As Republicans hope to win a majority in the Senate in the November midterm elections, Larry Sabato, of the University of Virginia Center for Politics, says the best odds the GOP has of picking up a seat from an incumbent are in Arkansas.
"That is one of the Republican Party's best pick-up attempts against an incumbent," Sabato told hosts J.D. Hayworth and John Bachman on "America's Forum" on Newsmax TV
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"Remember, they've got three seats that they're going to pick up that are open, that are currently Democratic seats: West Virginia, South Dakota, and Montana," he said.
"But if I had to look for an incumbent to lose, I would first look to [Sen.] Mark Pryor," he said.
Pryor is being challenged by Rep. Tom Cotton, who currently has a 4-point lead over the Arkansas Democrat in the most recent Real Clear Politics
average of polls.
Sabato predicts that Dan Sullivan will win the Alaska Republican primary in August, but he cautions that even though Sen. Mark Begich is vulnerable, "this three-way contest has hurt the Republicans."
Begich is "running one of the best Senate campaigns in America" as well, he said.
"The Republicans are going to have to reunite quickly after their primary to really have a chance of taking it down," he added.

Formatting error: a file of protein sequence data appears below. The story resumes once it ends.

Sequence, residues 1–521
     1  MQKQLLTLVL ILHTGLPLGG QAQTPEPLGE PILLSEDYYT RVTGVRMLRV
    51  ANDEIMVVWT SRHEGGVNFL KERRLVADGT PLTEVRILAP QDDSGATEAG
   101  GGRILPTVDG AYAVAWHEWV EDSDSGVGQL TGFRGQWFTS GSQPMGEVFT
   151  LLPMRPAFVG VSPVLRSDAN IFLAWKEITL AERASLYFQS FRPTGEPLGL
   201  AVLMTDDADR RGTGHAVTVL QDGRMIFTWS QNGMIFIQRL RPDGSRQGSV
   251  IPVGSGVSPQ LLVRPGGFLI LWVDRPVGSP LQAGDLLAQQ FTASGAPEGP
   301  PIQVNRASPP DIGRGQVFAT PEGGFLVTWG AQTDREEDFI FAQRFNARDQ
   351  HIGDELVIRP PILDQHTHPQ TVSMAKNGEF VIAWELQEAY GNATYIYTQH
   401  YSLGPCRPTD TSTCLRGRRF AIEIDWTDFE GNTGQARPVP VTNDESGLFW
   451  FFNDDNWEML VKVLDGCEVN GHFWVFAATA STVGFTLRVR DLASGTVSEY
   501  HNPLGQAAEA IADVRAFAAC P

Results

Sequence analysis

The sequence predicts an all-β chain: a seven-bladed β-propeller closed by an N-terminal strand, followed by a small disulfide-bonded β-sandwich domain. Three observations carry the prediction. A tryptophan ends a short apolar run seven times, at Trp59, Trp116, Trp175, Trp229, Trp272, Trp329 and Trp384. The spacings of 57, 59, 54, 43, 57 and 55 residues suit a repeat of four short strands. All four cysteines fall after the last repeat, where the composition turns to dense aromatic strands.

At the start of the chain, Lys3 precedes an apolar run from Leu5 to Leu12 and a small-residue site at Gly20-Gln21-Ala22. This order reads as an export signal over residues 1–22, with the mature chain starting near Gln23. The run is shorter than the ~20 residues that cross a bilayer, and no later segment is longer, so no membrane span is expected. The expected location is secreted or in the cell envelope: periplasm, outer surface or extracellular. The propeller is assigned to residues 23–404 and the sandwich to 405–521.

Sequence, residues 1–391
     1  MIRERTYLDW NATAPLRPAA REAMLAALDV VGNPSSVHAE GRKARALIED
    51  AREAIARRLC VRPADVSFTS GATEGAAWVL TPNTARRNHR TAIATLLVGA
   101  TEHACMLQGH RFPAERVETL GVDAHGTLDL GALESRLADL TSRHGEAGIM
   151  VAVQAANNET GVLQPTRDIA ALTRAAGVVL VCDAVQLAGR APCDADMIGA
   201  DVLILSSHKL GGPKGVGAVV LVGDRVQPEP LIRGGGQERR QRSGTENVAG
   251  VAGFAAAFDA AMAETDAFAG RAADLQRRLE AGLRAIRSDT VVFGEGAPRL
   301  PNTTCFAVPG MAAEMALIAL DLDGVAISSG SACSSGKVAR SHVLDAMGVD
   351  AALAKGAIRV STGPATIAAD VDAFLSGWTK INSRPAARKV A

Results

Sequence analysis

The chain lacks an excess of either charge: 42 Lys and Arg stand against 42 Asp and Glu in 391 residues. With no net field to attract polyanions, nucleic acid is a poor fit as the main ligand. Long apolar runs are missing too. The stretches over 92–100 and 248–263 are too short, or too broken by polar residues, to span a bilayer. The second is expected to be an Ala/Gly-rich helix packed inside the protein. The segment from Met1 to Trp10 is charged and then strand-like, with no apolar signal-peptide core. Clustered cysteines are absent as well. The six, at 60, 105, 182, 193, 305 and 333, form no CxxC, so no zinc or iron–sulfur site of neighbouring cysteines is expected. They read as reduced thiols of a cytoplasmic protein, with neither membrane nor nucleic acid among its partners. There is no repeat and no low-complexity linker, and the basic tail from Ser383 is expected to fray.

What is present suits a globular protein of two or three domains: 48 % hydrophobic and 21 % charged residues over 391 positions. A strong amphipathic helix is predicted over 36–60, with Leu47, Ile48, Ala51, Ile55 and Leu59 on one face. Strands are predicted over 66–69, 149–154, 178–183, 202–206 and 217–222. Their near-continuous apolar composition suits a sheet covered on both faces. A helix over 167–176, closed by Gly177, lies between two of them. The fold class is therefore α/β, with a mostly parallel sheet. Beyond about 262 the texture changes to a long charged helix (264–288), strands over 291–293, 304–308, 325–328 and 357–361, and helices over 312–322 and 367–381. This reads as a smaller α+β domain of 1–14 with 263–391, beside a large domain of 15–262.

As for Colorado, the political expert says the election in the Centennial State "centers around" the Hispanic vote.
If Hispanic voter turnout is high, there's a good chance that "Democratic Gov. [John] Hickenlooper will win, and Sen. [Mark] Udall and other Democrats will win."
"If the Hispanic percentage is lower in the midterm election, then [Rep.] Cory Gardner has a good chance to win, and [former Rep.] Bob Beauprez, the Republican gubernatorial candidate, has a medium chance to win," Sabato says.
In Georgia, he predicts that businessman David Perdue will defeat Democrat Michelle Nunn in November because the Peach State "is still fundamentally Republican."
While Senate Minority Leader Mitch McConnell's "personal popularity ratings are awful" in Kentucky, Sabato still thinks the Republican will defeat Kentucky Secretary of State Alison Lundergan Grimes because of how unpopular President Barack Obama is in the Bluegrass State.
"Kentucky is a conservative state where President Obama's approval ratings are in the low to mid 30s," he explained.
"How do you get a Democrat elected to the Senate when the leader of the party is that unpopular?"
Sabato told Newsmax that "if Republicans could somehow drop social issues, and I realize that would be unpopular with many Republicans, but if they can drop social issues they'd win a lot more elections.
"It's the social issues that tend to turn off young people and women," he added.
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